Calibrachoa, Calitunia, Littletunia, Million Bells, Petitunia, Supertunia, Surfinia, Tiny Tunia … so many names that are now part of gardeners’ vocabulary. These plants are among our century’s most popular annuals, but when we try to classify their universe, we are baffled.
In fact, they are all petunias or they were used to crossbreed the plant. Many buy the famous ‘Million Bells’ series which became so famous, thinking that they are not petunias.
The Petunia genus belongs to the Solanaceae family such as the tomato, potato, pepper and … tobacco. Moreover, the etymology of the Petunia genus comes from the word Petun meaning tobacco. The term derives from the dialect of some South American natives. There are approximately forty species. The petunias that we grow today come from very complex hybridizations, which began around the 1830s.
A first categorization distinguishes petunias stemming from seedlings and cuttings. Petunias can also be classified into five major groups:
- Petunias with large single or double flowers (grandiflora): large flowers, spectacular flowering and bushy vegetation.
- Petunias with several single or double flowers (multiflora): a lush flowering and medium-sized flowers.
- Flowering petunias (floribunda): greater resistance to diseases and many flowers.
- Petunias with miniature flowers (milliflora): small flowers in abundance and compact vegetation.
- Falling petunias with single or double flowers: long drooping stems and large flowers.
Petunias with large flowers (grandiflora)
Big-flowered petunias were developed in the early 1950s. The flowers in this group can range from 9 to 12 cm (3 to 5 inches) in diameter. The petals sometimes look like lace or are creped at the edges. The flowers of double-flowered cultivars look like big carnation flowers. Today, we are trying to develop more compact plants. They are mostly used in containers. The flowers unfortunately deteriorate during a windy rain.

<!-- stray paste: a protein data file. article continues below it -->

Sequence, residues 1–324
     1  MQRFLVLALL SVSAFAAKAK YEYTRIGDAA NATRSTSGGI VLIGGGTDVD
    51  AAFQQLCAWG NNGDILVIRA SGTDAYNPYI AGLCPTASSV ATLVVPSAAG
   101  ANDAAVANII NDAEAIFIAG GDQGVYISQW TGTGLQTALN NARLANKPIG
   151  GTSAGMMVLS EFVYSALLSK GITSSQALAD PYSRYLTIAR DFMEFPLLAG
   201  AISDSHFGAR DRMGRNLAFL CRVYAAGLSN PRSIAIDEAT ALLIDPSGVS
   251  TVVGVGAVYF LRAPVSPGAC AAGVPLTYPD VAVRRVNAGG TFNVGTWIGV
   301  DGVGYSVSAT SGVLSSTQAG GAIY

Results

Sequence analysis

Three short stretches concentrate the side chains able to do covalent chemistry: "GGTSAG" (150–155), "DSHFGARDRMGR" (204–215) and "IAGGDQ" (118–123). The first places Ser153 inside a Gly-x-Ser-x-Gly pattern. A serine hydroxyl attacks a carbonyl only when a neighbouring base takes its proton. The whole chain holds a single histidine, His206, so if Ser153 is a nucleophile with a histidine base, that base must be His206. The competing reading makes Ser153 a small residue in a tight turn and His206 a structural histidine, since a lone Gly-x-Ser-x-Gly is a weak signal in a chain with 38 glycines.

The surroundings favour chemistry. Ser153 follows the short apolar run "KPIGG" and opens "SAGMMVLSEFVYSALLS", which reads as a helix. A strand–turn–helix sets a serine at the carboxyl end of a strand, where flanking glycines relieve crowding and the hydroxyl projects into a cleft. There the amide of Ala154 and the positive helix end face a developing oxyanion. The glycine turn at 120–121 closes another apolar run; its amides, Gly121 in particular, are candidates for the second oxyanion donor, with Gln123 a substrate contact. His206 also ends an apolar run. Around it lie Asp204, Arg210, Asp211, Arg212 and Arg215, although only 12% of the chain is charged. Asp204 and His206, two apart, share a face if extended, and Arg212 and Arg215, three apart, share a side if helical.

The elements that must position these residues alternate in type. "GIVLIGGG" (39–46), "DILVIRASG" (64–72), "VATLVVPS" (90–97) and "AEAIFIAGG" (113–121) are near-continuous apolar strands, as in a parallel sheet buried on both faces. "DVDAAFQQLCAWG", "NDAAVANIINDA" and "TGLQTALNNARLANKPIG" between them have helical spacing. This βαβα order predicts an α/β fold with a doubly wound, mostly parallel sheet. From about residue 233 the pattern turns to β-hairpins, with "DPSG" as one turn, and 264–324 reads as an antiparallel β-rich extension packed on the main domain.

The following series are part of this group: AlladinTM, BravoTM, CarnivalTM, DaddyTM, FalconTM, HulahoopTM, MirageTM, PicoteeTM, PirouetteTM, StormTM, SupercascadeTM, SupermagicTM, UltraTM.
Petunias with many flowers (multiflora)
These petunias, developed in the late 1940s, were introduced in 1953. The flowers are smaller than those of large-flowered petunias, measuring only 4 to 5 cm (1 to 2 inches) in diameter. However, they are more numerous and generally withstand poor weather conditions better than large-flowered petunias. The plant forms a more compact branching than the latter. A very diverse color palette is available.
The following series are part of this group: CarpetTM, HorizonTM, JoyTM, MerlinTM, PrimetimeTM, SymphonyTM.
The flowering petunias (floribunda)
More recently, this group of petunias that comes from a hybridization between the petunias grandiflora and multiflora, has a plant shape and flowers that lie between these two. The distinction is so weak when comparing the plants to the parents, that many question the formation of this group.
The following series are part of this group: CelebrityTM, MadnessTM, SonjaTM.
Petunias with miniature flowers (milliflora)
Obtained from an unexpected genetic mutation of the petunia hybrid (Petunia hybrida), petunias belonging to this group represent a really interesting miniaturization of the petunia. The flowering of these mini-petunias is early. They are ideal for small hanging baskets, strawberry pots or any place where traditional petunias are too bulky.
The FantasyTM series is part of this group.
The falling petunias